A passing suggestion, a joke even, but the seed had been planted. ‘Oh yeah’ crossing Pentland Firth sounds like a great idea …. haha but the tidal planning will never work out.
The untouchable idea gradually came into focus. The more we researched and checked and checked again the clearer it became. This hair brained idea was going to be technically possible. The weather was perfect with a following wind, slack tide would give us a perfect opportunity to dart across the most treacherous stretch of the renowned Pentland Firth. Yep the same stretch that had punished us only the day before for being half an hour late to round (or not to round in our case) the tip of Stroma. The only thing that could possibly stop us from doing this adventure was us wussing out.
All evening Jonny and I let out nervous giggles and passing glances at one another not committing to the plan until we woke up the next morning to see perfect conditions as predicted.
We were determined and excited for a challenge. Ferry gliding across the first tidal channel to Stroma, we were happy that out calculations had work this time. Now for a tactical wait. Nervously watching the huge breakers off the rocks by the light house. Waiting is not something I do well, but knowing the only way to cross this next stretch of water was by using the half hour either side of slack, or risk getting a swift exit out to sea on the charging conveyer belt of tide was enough to hold me from dashing across.
We explored the deserted houses on Stroma, feeling the uncomfortable sensation of abandonment all over the island especially the fishing boat siting at the top of the slip way, left to rust away. Finally the time came to get going. The unsettling sensation in my stomach and the continual ‘what ifs’ circulating my head suddenly got shifted to the side, all I could feel now was concentration for the crux of our journey.
The swell built up gradually the further out we got, until the point when we looked back over our shoulder and we couldn’t even see sight of the land for the house sized swell lifting and dropping our tiny kayaks. Turning around was no longer an option even if we wanted to.
This feeling of commitment is one that many extreme sports athletes must chase, each challenge one step beyond the last. I felt small. Really really small, the waves were not aggressive, not scary but their huge size was certainly unnerving. The closer we got to Swona the bigger the reef break ahead of us became. We were paddling fast ahead of schedule and the tide had not change yet but the currents were still pushing us steadily towards these frothing white breaks. Going with my gut instinct to change our angle against our calculated route paid off and with a uncomfortably dry mouth and huge relief, we paddled up into a tiny but shelter inlet called Haven Bay.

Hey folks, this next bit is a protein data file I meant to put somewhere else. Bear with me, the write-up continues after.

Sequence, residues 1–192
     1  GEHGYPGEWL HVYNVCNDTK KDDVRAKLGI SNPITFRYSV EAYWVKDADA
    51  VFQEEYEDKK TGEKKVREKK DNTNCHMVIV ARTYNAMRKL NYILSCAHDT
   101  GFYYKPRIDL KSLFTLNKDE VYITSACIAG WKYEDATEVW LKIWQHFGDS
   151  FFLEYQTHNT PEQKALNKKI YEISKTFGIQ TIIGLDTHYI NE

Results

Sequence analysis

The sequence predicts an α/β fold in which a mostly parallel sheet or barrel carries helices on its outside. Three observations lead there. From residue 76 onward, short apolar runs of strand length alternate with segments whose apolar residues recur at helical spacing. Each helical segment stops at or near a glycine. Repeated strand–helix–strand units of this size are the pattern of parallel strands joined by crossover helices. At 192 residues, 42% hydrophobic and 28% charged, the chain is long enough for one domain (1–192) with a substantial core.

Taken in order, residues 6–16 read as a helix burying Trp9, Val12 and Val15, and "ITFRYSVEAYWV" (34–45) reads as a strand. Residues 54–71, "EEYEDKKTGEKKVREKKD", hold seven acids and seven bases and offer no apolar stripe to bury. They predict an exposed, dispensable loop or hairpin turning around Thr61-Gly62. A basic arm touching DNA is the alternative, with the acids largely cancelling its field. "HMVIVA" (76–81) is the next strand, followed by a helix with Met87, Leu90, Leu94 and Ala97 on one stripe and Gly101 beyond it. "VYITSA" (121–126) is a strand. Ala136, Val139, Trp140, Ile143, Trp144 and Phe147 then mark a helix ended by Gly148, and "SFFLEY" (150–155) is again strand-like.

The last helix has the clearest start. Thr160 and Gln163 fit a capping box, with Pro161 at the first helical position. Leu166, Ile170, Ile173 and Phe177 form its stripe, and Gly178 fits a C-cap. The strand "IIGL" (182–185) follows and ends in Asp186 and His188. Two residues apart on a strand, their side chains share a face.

We were two thirds of the way across and we now had a three hour wait before the tides were settled enough to allow us to cross the last section to Burwick. We walked across the island to watch the huge waves battering the NW edge of the Swona, from here we could get a clear view of why we were waiting. The confused water swirled and kicked up on nearly every edge of coastline, this can only be expected on an island right in the middle of a stretch of water that can easily reach nine knots in speed, but the swirls in the guide book seemed insignificant until looking at them in real life. The eddies meeting the currents produced crazy white capped stretches of water and I felt relieved to be sitting watching rather than out there right now paddling at this very moment.
The waiting gave us some time to explore the Island of swona. There are many abandoned houses on the island just left by there previous owners. They have remained untouched for years and we couldn’t help but have a snoop around some of the cottages. The island had and eerie atmosphere, farms and houses just left to rot.
I was feeling nervous about getting back on the water after watching its unsettled movements for the last three hours, but only 6 km stood between us and our finishing goal of Burwick.
The closer the land got the more I enjoyed the choppy water. My belief in our plans and calculations was slowly being proven in front of my own eyes. A mistake outhere would be punished with more than just a long slog achy muscles. Drifting just a little too far would land us in a rather compromising reef or even worse out in the north sea.
Rounding the Pier in Burwick, felt good. The relief and the sense of achievement was rewarding.
Our only worry now was whether this abandoned ferry terminal was going to deliver us a lift back to John o’Groats, or whether we would spend our evening camped out on the red plastic seating, planning our paddle back the next morning.
After a celebratory dance when the ferry finally rocked up, a feeling of anti-climax began to sink in. It had all gone to plan, all that worry, nerves and excitement was over and we had achieve our goal. Yet I couldn’t help but feel like we hadn’t worked hard enough for it. No epics. No mistakes. Just smooth running.
Thanks Jonny Hawkins for some super pics.